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Tuesday, October 28, 2014

Difficult Game with a Material Imbalance

     I first met my Australian opponent back in 2008 and lost against his Dragon Sicilian when I prematurely advanced two (!) passed Pawns on the Q-side and lost them. Then the following year we met again and I drew a difficult ending from the black side of the Ruy Lopez Zaitsev Variation where I ended up with a R plus g and h-P’s vs. his R and B.
     I lost again in 2010 on the black side of the Schevenigen because of too many P weaknesses. We met twice last year and as white I managed to draw from an inferior position against the K-Indian. In our second game I defended against 1.e4 with the Sicilian, got an inferior position but managed to hold the draw when he let his advantage slip. So, going into this game I was +0 -2 =2.
     This game was another Ruy Lopez and things got murky when, in a closed position, the engines couldn’t seem to settle on any clear path. The result was a LOT of time spent analyzing different plans and ideas. The game also included a material imbalance and, as you know, I am always leery of engine evaluations in those positions because they usually tend to put the emphasis on the material rather than any positional considerations.  As a result you have to be very careful when investigating those positions.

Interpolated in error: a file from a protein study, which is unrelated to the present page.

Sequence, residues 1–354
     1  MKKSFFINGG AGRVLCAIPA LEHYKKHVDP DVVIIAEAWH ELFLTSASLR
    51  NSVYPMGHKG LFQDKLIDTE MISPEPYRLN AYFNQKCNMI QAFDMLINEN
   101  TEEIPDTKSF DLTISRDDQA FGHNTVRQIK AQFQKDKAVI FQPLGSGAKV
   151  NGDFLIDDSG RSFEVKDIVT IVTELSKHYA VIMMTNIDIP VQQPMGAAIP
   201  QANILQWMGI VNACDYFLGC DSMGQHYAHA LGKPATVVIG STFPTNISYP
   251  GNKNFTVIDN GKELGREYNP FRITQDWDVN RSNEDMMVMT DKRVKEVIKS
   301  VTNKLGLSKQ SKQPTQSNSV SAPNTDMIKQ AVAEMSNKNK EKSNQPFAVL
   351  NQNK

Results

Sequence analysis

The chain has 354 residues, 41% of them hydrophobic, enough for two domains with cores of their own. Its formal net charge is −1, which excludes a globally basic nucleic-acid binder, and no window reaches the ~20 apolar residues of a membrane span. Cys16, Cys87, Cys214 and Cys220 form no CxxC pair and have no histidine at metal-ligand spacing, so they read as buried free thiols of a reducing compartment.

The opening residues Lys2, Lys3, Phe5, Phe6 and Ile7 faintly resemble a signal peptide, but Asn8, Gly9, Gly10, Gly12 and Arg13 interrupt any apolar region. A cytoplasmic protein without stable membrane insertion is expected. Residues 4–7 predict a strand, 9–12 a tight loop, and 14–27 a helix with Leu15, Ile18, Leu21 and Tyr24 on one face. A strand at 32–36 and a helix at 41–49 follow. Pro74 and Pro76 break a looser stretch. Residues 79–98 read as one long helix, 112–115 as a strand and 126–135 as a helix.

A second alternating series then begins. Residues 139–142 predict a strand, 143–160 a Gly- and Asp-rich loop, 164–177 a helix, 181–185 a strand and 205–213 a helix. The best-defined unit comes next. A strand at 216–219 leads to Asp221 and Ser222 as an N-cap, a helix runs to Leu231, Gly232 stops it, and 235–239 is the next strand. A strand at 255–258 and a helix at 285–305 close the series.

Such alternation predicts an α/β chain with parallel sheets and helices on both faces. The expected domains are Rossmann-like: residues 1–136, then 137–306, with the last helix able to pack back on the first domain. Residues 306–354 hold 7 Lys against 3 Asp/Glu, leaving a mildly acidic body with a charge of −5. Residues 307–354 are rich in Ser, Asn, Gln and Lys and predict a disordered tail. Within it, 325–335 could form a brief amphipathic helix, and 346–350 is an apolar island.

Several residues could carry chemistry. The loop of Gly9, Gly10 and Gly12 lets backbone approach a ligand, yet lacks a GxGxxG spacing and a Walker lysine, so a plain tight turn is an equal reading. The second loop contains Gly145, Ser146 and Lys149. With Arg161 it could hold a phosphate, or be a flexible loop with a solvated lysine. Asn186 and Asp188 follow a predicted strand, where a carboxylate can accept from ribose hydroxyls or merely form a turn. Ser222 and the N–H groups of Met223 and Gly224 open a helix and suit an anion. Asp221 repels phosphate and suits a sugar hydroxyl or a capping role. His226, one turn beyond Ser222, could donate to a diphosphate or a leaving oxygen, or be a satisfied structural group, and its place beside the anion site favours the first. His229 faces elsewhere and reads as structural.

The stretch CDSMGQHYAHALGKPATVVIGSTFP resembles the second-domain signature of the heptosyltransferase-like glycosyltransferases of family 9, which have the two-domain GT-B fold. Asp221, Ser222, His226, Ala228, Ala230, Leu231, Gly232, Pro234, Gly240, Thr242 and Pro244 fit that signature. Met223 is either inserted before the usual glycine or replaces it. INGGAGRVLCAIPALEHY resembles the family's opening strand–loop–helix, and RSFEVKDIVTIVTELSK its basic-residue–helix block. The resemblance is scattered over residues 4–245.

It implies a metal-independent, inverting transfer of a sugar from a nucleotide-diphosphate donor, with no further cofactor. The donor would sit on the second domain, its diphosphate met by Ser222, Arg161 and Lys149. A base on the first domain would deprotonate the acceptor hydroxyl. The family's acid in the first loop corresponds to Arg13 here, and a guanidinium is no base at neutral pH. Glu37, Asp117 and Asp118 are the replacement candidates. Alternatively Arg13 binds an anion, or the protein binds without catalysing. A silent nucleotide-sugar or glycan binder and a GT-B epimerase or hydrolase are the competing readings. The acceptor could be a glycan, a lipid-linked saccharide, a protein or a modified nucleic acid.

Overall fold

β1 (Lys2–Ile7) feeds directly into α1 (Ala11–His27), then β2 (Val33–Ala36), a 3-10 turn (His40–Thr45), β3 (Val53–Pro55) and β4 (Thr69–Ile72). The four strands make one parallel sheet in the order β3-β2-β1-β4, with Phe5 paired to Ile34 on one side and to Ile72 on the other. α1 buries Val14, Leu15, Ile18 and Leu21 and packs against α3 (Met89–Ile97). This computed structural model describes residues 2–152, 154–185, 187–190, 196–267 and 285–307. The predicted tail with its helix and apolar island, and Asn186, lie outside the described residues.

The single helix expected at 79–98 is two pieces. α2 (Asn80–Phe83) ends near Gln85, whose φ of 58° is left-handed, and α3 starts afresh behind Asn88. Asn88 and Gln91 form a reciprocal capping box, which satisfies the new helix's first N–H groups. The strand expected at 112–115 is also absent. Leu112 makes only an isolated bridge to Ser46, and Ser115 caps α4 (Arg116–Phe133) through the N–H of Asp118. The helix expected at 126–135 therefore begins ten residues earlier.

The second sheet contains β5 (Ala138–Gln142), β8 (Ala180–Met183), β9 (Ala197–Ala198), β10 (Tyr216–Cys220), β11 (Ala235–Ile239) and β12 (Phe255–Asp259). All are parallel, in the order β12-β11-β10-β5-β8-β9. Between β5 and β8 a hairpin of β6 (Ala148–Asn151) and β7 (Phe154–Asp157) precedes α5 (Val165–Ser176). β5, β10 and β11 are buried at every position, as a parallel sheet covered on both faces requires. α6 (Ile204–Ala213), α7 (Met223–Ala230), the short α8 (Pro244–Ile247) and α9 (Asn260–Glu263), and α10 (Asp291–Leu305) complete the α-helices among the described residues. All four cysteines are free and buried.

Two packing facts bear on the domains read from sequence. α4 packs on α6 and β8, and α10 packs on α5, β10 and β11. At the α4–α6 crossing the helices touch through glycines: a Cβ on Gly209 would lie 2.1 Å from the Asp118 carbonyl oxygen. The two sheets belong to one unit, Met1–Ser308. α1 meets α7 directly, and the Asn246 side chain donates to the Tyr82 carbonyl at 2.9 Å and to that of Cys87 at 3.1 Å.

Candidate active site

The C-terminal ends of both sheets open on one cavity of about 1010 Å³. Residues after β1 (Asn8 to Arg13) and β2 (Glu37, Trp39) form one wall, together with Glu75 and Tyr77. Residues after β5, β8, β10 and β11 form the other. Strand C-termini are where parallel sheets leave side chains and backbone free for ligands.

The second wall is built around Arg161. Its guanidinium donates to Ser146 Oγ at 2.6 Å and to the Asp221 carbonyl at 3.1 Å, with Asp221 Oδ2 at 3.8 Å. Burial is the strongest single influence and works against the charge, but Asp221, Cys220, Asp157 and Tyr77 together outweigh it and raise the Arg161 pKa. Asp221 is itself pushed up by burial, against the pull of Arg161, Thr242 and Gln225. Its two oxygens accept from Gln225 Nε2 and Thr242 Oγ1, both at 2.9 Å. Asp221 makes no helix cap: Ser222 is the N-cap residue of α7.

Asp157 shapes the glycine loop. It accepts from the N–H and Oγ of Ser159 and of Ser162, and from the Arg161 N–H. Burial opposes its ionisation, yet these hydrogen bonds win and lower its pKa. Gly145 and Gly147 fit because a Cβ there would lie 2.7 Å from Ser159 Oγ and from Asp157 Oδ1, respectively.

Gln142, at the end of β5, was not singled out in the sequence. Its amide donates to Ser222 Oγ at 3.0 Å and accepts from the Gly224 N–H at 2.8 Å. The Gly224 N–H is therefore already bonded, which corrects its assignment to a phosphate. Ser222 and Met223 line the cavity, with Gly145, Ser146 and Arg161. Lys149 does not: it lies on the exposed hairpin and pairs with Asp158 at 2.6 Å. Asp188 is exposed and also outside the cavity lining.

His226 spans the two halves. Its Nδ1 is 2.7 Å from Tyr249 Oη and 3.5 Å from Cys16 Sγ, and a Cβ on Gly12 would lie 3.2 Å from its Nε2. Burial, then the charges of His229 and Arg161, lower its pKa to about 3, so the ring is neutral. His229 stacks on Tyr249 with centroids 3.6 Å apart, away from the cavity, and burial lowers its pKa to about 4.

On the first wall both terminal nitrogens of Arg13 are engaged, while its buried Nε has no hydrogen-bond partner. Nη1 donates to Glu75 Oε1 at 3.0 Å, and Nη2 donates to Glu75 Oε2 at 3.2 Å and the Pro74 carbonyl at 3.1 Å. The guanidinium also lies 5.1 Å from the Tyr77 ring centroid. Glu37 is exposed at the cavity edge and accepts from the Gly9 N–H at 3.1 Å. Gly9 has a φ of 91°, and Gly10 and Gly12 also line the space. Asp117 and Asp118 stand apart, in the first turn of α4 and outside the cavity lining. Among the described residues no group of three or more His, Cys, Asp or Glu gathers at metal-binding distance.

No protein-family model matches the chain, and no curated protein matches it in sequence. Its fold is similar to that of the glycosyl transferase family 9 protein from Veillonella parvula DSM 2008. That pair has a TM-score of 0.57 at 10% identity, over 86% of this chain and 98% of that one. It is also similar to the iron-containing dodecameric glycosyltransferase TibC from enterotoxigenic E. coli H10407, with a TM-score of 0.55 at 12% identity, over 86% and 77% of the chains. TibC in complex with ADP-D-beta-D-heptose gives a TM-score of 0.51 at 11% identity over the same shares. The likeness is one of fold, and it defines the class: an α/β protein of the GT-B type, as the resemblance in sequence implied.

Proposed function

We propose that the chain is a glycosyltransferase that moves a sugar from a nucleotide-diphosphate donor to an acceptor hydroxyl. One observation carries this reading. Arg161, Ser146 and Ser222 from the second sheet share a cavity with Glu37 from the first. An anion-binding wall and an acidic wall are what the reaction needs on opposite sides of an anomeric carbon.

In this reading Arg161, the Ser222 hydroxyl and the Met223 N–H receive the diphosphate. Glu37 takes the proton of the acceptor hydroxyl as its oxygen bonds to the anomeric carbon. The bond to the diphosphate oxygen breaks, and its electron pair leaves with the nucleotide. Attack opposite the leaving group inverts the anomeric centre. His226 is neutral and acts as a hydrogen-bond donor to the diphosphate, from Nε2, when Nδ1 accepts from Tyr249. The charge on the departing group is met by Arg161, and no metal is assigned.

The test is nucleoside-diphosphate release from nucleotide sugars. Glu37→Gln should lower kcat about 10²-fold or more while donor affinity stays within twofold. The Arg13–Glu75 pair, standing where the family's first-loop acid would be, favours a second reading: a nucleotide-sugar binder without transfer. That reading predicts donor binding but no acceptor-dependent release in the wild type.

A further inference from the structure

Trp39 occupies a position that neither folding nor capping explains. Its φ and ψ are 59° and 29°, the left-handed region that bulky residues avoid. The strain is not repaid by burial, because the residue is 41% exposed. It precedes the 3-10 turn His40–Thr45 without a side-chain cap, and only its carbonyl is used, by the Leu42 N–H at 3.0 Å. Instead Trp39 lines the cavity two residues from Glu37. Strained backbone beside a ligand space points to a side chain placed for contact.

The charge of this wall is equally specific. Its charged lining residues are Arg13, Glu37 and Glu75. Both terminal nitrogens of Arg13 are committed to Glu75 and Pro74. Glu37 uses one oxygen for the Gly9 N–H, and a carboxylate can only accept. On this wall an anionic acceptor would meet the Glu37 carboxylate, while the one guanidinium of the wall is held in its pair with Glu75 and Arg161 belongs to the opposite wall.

Unfortunately there was only a couple of rating points to be picked up when he resigned because by the time this game was completed my opponent, who had well over 80 games going, had ended up losing a whole bunch of them and his rating had fallen drastically. I was a little surprised he resigned when he did, but I guess when you’re playing over 80 games sometimes it’s best to cut your losses and reduce your workload by resigning games where there is no chance of salvaging anything. A couple of Shootouts confirmed the win for black anyway.

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